W3C home > Mailing lists > Public > public-html@w3.org > February 2008

Re: Marking Up Poetry

From: Dr. Olaf Hoffmann <Dr.O.Hoffmann@gmx.de>
Date: Thu, 28 Feb 2008 19:13:29 +0100
To: public-html@w3.org
Message-Id: <200802281913.29323.Dr.O.Hoffmann@gmx.de>

Peter Krantz wrote:

>Why do you want to mix markup with presentation? 

No, not in (X)HTML, if this is required, as for some types
of poetry I have too, SVG seems to be the better approach.
For aural presentation maybe an OGG-file or MP3 skipping
any markup.
With SVG the 'poem presentation' has no semantical meaning too,
but at least the graphical presentation is defined in detail, if
it is really important to have a graphical display as part of
the content, for example for concrete poetry and some 
mixed graphics+text problems. SVG provides advanced 
accessibility tools too, if no graphical presentation is available,
therefore an author could provide some kind of conceptual 
art as a text alternative too - it will never be the same, but
can provide a similar pleasure/information/entertainment.

>HTML with CSS (aural 
>and visual) will provide the information ot the user agent on how to
>present it. 

This is more for the default stylesheet of the browser for such
specific elements. I think, a basic line indication is expressable in CSS
in a useful way as given as example in the wiki, therefore it is no big
problem to have such a default stylesheet in browsers for a visual
presentation and if advanced aural presentations are available for 
aural presentation too.  
If authors need more than a basic identification
of strophe lines as strophe lines and strophes as strophes, 
obviously they can use additionally CSS, XSL, timesheets, scripting,
whatever is desired for decorative purposes. The (X)HTML elements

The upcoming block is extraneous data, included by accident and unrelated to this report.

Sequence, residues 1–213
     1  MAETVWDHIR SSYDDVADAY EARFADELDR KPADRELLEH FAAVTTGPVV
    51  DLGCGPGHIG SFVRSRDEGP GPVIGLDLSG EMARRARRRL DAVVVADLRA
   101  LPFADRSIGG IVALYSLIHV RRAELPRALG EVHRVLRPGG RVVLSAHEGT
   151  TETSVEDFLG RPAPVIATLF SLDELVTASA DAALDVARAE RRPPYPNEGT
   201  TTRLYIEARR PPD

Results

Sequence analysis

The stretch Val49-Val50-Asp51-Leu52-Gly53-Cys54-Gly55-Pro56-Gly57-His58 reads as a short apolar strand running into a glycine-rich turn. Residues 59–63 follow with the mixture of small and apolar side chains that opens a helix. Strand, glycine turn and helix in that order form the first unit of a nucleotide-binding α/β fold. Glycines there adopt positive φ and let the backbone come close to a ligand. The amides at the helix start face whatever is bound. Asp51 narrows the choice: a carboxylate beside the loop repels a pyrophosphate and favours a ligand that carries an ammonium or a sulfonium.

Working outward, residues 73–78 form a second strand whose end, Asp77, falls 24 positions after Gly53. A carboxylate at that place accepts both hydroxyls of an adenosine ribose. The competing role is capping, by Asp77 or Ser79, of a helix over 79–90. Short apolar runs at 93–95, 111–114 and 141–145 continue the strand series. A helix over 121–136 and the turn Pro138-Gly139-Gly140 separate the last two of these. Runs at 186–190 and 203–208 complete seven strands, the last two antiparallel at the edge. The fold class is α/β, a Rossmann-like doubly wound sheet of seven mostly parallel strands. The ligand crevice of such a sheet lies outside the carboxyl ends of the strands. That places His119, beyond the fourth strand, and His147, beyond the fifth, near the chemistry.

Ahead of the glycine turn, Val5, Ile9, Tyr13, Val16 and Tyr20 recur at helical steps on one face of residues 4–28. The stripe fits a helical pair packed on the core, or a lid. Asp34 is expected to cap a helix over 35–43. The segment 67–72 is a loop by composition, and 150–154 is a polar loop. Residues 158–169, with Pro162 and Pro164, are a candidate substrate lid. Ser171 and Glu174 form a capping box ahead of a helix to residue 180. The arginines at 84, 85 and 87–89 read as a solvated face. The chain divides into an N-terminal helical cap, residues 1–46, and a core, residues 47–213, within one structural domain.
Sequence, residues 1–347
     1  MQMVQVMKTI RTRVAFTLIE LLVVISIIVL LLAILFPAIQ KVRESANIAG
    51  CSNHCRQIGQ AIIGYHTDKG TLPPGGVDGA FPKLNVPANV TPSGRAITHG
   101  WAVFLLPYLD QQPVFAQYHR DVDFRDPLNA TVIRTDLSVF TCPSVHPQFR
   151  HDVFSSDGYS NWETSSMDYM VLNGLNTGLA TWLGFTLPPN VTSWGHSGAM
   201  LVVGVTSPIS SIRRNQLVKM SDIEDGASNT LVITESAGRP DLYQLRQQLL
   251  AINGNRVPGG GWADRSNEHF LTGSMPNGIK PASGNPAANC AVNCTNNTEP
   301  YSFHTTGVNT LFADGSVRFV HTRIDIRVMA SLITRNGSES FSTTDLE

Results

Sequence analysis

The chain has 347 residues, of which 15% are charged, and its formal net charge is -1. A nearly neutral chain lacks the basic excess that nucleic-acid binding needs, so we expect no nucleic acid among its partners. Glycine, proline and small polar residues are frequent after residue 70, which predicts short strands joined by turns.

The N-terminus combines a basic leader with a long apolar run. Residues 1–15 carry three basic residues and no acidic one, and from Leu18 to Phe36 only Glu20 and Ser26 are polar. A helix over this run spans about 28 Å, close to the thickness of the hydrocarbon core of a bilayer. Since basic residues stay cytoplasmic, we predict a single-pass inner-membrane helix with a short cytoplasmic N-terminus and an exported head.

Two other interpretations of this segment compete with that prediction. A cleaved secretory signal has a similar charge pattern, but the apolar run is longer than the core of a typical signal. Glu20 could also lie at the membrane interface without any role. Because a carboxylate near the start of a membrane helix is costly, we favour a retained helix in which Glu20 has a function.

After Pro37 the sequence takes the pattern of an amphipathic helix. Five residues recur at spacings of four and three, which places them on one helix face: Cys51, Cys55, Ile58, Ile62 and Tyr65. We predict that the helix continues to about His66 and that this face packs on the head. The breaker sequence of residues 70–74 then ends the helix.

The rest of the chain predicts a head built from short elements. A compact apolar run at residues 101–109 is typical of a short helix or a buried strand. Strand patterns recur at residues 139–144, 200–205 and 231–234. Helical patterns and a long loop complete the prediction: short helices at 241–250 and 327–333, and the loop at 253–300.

cover already the basic functionality, independent from optional
styling and decoration.
If this would be superfluous in general, HTML-Documents could
have a default presentations as arbitrary XML-Documents have -
pure inline elements and (X)HTML would be already completely
superfluous, any author could simply use his own XML format
with CSS or other decoration and maybe XLink to embed links
and other files.

>I am guessing that you, as the poet, would want to be able 
>to influence the presentation rather than being forced by user agents?

As for other elements one has both choices - a useful default 
presentation only using (X)HTML and some additional decoration
from other sources, none of them excludes the other.
And as already mentioned, if for example positioning or color,
timing etc are important for the content, another format like
SVG might be the better choice anyway. But in many cases,
especially for traditional poetry (classical poems, song texts without
music etc) (X)HTML with 1-3 additional elements as a basic 
markup would be the simplest and sufficient choice for the
majority of (not really anarchistic) artists ;o)

>>  There is a need for a predefined vocabulary with well implemented
>>  behaviour in user-agents.
>Centrally defined and controlled domain specific vocabularies are
>difficult to establish. Why do you think poetry should be added but
>not law, cooking, shipping or animal husbandry? "Well implemented
>behaviour in user agents" is not controlled by the HTML WG.

Some of them are included in the 'redefinition' of the dl/dt/dd
in the wiki already, especially I have seen some law pages having
similar problems to markup something useful, could be solved
to with such an approach to improve dl/dt/dd for several
purposes, it is used anyway already today ...

And in parts it is - such a recommendation describes for example,
which elements are used to define lists or tables - and surprise,
user-agent present it somehow useful as lists or tables, not 
as a meaningless inline string, else no one would use such a 
user-agent, if it would be not able to indicate somehow, that
some groups of elements are a lists, tables or a headings. 

>>  But ol is not very
>>  useful too, because this is typically presented with some line
>>  markers like numbers or letters,
>Please note the difference between markup and presentation. There has
>been a lot of work to make sure the web is moving in that direction.

Yes, but it is still a long way as we can see with this poetry problem,
authors still have to struggle with (X)HTML to solve it reinventing the
wheel each time, searching around what others have done or what
they recommend (if they search long enough, they will find currently
dl/dt/dd, may use it, but may already guess, that this is just a crutch
for something missing in (X)HTML).

Received on Thursday, 28 February 2008 18:26:29 UTC

This archive was generated by hypermail 2.3.1 : Thursday, 29 October 2015 10:15:30 UTC